Conclusion

I am sadly forced to conclude, that I will be unable to take advantage of any of the major new features in this release - the view app container isn't up to scratch yet, and the new wizard based objects do not show correctly in InTouch.  At least I can design all my new templates so that they will be ready to go when the time comes that I will be able to use them.

| Posted in SCADA | No Comments »
01.25.17

InTouch/Archestra/SCD5200 Tag Checker

I have recently been working on a project to upgrade our InTouch SCADA to ArchestrA.  This has a number of challenges, but a big one is how to be sure that you got all the right tag names going to the correct IO.  We use DNP and SCD5200 RTUs almost exclusively for large sites, so I have started writing a tool that parses all of our SCD5200 RTU configurations, our InTouch tag database, and the ArchestrA database and produces a spreadsheet with a comparison of all tags and addresses.  It can take also take a map file that maps RTU names to ArchestrA areas to InTouch topic names.  You can then review this report to compare any glaring differences - still a time consuming process but damn site quicker than doing it manually.  The tool is fairly functional at present and parses all my data correctly, but I've no doubt that there are a lot of edge cases not taken care of yet.

Source is on Github.

| Posted in Foxboro, SCADA | 4 Comments »
11.30.16

I like ArchestrA, but...

There are just so many bugs, and annoyances that it makes me want to tear my hair out on a continual basis.  I'm not a full time software engineer, but I code enough to know that so many of these things could be fixed with relatively little effort.  Here is a list of things that really get my goat, and if some Schneider code monkey ever sees this then please feel free to sort them out.  Or, just send me a link to the repo and I'll send you back some pull requests (as if that would ever happen!).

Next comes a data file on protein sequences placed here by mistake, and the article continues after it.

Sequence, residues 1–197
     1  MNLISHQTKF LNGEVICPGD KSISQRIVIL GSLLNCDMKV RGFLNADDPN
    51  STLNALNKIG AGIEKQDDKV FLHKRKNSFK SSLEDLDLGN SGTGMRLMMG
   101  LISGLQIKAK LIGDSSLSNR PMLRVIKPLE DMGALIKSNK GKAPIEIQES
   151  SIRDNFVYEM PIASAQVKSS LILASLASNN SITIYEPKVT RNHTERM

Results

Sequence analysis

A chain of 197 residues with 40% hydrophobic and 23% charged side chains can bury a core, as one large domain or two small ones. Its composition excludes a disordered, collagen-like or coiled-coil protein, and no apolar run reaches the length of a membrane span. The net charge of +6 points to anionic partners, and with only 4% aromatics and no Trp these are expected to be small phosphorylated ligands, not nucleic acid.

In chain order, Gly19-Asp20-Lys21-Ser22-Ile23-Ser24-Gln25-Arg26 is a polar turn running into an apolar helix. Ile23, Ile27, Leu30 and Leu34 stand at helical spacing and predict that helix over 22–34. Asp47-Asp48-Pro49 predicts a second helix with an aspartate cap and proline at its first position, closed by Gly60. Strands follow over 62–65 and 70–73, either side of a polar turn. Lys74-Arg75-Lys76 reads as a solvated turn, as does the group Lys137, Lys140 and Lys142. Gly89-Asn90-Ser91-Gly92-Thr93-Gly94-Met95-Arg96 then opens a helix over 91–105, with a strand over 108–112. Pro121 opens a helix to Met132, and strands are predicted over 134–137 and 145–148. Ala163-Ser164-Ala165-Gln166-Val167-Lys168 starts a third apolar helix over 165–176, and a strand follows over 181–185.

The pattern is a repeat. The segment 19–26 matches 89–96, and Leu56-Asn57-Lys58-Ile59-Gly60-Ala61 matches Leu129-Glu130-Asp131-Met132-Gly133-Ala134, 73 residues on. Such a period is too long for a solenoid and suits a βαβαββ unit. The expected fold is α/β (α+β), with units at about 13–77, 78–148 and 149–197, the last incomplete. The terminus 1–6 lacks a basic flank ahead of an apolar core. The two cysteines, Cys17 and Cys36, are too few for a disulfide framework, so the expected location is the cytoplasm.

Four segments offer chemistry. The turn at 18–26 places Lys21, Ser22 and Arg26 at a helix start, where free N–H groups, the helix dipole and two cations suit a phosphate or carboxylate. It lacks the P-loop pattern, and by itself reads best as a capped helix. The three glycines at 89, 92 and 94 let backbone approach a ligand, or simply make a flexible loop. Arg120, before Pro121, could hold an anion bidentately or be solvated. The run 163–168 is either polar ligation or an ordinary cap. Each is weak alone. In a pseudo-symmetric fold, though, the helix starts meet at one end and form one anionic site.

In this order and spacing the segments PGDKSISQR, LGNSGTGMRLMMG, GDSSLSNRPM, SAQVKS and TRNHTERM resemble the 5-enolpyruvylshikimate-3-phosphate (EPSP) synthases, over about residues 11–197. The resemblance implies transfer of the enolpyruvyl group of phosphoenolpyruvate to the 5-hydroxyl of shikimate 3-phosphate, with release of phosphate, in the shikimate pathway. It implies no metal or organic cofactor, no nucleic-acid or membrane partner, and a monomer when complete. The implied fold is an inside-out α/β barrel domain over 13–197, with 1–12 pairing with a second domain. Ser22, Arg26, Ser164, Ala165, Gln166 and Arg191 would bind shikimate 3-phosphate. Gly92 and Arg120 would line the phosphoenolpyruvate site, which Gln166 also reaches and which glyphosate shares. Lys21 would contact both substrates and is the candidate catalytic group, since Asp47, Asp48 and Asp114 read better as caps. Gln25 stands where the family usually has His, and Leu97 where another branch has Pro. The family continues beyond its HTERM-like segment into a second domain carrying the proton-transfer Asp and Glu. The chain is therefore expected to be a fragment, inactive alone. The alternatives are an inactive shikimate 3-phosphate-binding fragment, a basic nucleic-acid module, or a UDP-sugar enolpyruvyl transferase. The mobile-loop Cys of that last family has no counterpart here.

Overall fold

1.  Opening objects in the IDE is painfully slow, and can only be done one at a time.  If you open objects too quickly one after another then the frame sizes (attribute list and attribute settings) get all messed up.
  2. Buffered attributes are a great concept but they have so many subtle bugs associated with them that they are unusable.  They cause alarms that can't be acknowledged following subsecond value changes, the times in the alarm database for these attributes are all in UTC and not local time like the rest, and they don't always initialize correctly when they also have the inverted flag set.
  3. Plain weird shit happening/object corruption.  Like this:aabugs1The attributes in the above image are all boolean tags, have nothing to do with voltage, but somehow I am getting random events from other attributes mixed in with these ones.  In this case the problem was solved by un-logging the attribute in the template, redeploying, and enabling the logging again and redeploying but there is no way that this sort of stuff should ever happen, and I could see it leading to some very expensive mistakes by operators.
  4. Failovers barely ever work well.  The only times I have ever seen a AppEngine failover work properly is when it was graceful, ie I asked the engine to failover via the SMC.  If I simply restart the machine, all hell breaks loose.  Objects only half work, alarms going off that were never configured, some objects get corrupted and need to be recreated from a galaxy dump.
  5. There is no where to report bugs.  There is nowhere to make suggestions.  The forum is great, but I sometimes my question can only be answered by someone that writes the code or at least has access to it.
  6. Deploying objects takes over the IDE.  In fact lots of basic operations (think import/export objects) do this.It would be nice to be able to deploy objects in the background and continue working on other objects, then show the outcome in the status bar or something so I can get on with other things in the mean time.
  7. When deploying half the time it appears the deployment has failed, when it has actually completed successfully.